Container ships at the port of Los Angeles. Courtesy of the port

Lingering uncertainties about the future of the COVID-19 pandemic makes the pace of California’s economic recovery equally uncertain, although the state is still expected to outpace the nation as a whole, according to a recently released UCLA economic forecast.

“Although California began a significant recovery later than some other states due to the public health interventions in the state, we expect the California recovery to ultimately be, once again, faster than the U.S.,” UCLA Anderson Forecast director Jerry Nickelsburg wrote in the report released Tuesday. “This is due to two reasons. First, Delta notwithstanding, the better public health outcomes should result in a more rapid return to normalcy.”

“Second, the move to new ways of work and social interaction will disproportionately impact California through its technology laden sectors. The leisure and hospitality sector will be the last to recover due to the depth of the decline in this sector, the slower return of restaurant and bar services demand, and the sub-sectors dependent upon international tourism demand.”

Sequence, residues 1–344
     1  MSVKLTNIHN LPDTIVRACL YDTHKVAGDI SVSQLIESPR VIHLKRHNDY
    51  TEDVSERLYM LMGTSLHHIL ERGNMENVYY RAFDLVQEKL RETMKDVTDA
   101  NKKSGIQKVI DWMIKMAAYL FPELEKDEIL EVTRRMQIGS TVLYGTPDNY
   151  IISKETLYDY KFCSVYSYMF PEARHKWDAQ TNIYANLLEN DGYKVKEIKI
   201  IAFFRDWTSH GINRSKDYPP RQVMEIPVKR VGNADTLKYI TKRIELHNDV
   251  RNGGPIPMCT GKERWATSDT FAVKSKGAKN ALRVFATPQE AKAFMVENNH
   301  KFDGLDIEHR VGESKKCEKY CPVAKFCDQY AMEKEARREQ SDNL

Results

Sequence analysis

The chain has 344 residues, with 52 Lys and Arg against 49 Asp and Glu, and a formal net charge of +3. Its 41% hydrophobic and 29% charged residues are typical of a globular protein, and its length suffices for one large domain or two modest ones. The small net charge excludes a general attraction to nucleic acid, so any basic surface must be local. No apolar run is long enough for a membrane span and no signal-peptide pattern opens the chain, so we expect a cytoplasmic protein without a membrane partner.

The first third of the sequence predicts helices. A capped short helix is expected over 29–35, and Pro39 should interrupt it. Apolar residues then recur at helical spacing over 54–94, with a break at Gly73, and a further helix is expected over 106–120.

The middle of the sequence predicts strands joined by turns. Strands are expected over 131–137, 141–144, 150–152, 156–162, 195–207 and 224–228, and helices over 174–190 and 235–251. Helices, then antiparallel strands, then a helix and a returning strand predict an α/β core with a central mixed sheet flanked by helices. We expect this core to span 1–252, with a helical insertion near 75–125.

Nickelsburg said higher-income technical services will see a considerably faster recovery, along with residential housing construction thanks to increasing demand.

“In spite of the recession, the continued demand for a limited housing stock, coupled with low interest rates, leads to a forecast of a relatively rapid return of homebuilding,” he wrote. “Our expectation is for 123K net new units in 2021 and continue to grow to 139K for 2023. Needless to say, this level of home building means that the prospect for the private sector building out of the housing affordability problem over the next three years is nil.”

He predicted a third-quarter unemployment rate of 7.2% in the state, with the average for the year as a whole settling at 7.6%, followed by 5.6% next year and 4.4% in 2023.

Nickelsburg noted that the pandemic continues to cloud the economic future.

“Since the pandemic induced recession began in March 2020, we have asserted that the course of the pandemic, and the public health policy response to it, would be critical for the economic forecast,” he wrote. “As well, we have pointed out that we did not know, and at this time we still do not know, what the future will bring with respect to the pandemic. Today there is less clarity, and therefore, the level of uncertainty remains high.”

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